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I am wondering the best way to handle blocking computers after the users commit 5 wrong login attempts.

I was thinking to have it does by IP but then I started thinking what about if users were coming through a gateway and shared a common IP. I wouldn't want to potentially block legimate users because someone else on the same network is entering incorrect data.

Cookies are another option but users can clear them from the browser so i think they would be very ineffective.

Can anyone else give me anymore ideas on this please?

Thanks Mic

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2  
Perhaps just slow them down (exponentially?): e.g. 1 second wait for first try, 2 seconds for second try, 4 seconds for third try, 8 for fourth, 16 for fifth, 32 for sixth, 64 for seventh, etc. –  Piskvor Nov 3 '11 at 13:31
    
Don't forget to reset the above to 0 on success. Otherwise your forgetful users will end up with huge waits on failure. Which is hilarious, but not user friendly. –  DampeS8N Nov 3 '11 at 13:46

2 Answers 2

up vote 1 down vote accepted

I'll do something like:

If user commit 5 wrong login attempts:

  • Block the users login for 15 [xxx] minutes (so if he try also if the password is correct it won't work)

  • Add a captcha control, so others users can login without problem...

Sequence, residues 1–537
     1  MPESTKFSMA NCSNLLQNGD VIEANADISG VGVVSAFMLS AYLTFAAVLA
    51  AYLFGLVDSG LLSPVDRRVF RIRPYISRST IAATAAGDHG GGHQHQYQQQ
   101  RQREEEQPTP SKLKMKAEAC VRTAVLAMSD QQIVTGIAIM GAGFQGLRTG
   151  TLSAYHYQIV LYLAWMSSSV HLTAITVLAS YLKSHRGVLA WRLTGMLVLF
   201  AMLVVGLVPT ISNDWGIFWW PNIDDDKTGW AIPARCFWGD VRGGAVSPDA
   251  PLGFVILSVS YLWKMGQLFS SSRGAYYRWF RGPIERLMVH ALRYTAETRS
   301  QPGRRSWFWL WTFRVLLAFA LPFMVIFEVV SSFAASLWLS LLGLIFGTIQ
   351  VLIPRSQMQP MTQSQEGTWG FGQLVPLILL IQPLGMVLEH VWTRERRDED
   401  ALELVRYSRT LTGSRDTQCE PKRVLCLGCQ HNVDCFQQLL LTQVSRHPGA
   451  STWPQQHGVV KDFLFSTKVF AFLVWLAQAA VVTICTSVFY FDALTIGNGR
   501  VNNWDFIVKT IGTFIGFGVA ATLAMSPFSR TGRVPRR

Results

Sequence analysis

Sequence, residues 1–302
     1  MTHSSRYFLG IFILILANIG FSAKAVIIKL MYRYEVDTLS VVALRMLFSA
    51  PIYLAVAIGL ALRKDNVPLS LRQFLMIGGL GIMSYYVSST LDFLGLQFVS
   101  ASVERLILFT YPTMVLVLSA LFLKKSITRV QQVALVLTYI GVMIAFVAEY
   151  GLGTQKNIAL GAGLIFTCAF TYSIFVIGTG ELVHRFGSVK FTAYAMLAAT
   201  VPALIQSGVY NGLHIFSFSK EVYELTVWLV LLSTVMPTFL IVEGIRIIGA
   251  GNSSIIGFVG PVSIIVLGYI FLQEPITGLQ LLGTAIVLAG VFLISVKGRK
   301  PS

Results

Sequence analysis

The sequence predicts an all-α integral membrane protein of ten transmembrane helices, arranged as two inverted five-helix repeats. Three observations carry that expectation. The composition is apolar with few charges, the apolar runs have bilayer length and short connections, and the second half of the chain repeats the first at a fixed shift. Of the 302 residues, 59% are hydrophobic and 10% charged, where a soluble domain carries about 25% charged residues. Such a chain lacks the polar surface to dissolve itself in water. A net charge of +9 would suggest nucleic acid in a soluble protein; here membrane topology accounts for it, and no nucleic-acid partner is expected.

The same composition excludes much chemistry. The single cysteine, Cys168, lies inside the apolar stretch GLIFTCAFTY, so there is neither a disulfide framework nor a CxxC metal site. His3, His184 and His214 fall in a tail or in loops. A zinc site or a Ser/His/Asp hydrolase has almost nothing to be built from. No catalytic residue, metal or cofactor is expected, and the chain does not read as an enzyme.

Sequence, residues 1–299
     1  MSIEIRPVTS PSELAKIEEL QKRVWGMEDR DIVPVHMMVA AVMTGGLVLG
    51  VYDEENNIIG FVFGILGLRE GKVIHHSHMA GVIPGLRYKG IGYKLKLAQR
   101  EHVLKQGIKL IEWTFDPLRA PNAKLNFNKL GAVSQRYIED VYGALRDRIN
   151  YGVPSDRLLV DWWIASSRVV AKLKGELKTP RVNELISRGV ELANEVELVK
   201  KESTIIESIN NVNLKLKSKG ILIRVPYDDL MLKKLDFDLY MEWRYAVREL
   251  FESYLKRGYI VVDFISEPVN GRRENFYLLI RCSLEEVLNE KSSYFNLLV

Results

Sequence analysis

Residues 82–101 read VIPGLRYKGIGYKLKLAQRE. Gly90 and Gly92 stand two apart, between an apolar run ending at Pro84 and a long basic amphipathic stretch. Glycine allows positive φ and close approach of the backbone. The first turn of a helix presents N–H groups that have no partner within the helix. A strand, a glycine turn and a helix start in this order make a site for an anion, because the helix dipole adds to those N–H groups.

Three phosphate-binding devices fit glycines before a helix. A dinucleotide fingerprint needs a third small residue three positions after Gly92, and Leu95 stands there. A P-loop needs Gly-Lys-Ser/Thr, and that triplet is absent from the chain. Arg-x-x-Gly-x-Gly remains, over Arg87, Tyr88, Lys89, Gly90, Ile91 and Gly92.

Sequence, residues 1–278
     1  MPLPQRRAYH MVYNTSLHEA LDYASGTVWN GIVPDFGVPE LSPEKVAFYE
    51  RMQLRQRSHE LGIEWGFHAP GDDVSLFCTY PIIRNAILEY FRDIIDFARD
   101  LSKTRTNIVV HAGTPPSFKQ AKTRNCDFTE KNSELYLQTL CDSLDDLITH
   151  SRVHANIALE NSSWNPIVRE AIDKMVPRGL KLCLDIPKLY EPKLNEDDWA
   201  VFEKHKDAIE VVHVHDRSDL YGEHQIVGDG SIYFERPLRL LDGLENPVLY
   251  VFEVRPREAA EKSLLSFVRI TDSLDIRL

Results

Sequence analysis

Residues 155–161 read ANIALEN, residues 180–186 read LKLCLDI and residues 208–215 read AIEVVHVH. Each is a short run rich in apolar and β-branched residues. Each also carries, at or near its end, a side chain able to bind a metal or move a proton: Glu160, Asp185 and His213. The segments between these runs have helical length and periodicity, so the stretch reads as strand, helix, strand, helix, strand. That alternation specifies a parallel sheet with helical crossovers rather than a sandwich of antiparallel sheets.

I'll do that by IP and Username...

Simply save in the database the timestamp of the last wrong attempt followed by the incremental value of wrong attemps.

Then if he tries to login before a determinated time (let's assume 15 mins) from last wrong attempt and

  • the incremental value is lower than the max login attempt, simply update the incremental value+1 and timestamp with the new timestamp

  • the incremental value is equal (or higher) you block the login attempt and increment the timestamp with new timestap

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Here's a problem with this method. If I try to connect to account 5 time to your account and failed, you can't connect to your account. –  Luc M Nov 3 '11 at 13:43
    
@Luc but anyway that's the only reliable method. Though with good passwords the timeout could be really small, like a few seconds. –  Your Common Sense Nov 3 '11 at 13:51
    
i think this method is the best solution i can do with the time constraints for my project. –  mic Nov 4 '11 at 11:11

You can use PEAR::HTTP_FloodControl

<?php
if ($login_not_successful) {
require_once 'HTTP/FloodControl.php';
try {
    $ip = HTTP_FloodControl::getUserIP();
} catch (HTTP_FloodControl_Exception $e) {
    die($e);
}
try {
    $fc =& new HTTP_FloodControl();
    $fc->setContainer('File', '/home/user1/logs');
    $limits = array (
        10   => 10,  // maximum 10 requests in 10 seconds
        60   => 30,  // maximum 30 requests in 60 seconds
        300  => 50,  // maximum 50 requests in 300 seconds
        3600 => 200  // maximum 200 requests in 3600 seconds
    );
    if (!$fc->check($limits, $ip)) {
        die('Too many requests. Please try later.');
    }
} catch (HTTP_FloodControl_Exception $e) {
    die($e);
}
}
// Your login form
?>
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as it was already pointed out, an IP based solution is weac and won't protect anything –  Your Common Sense Nov 3 '11 at 13:53
    
i would prefer to use a non PEAR solution but that for the input. I will take a look at this for possible future use –  mic Nov 4 '11 at 11:13

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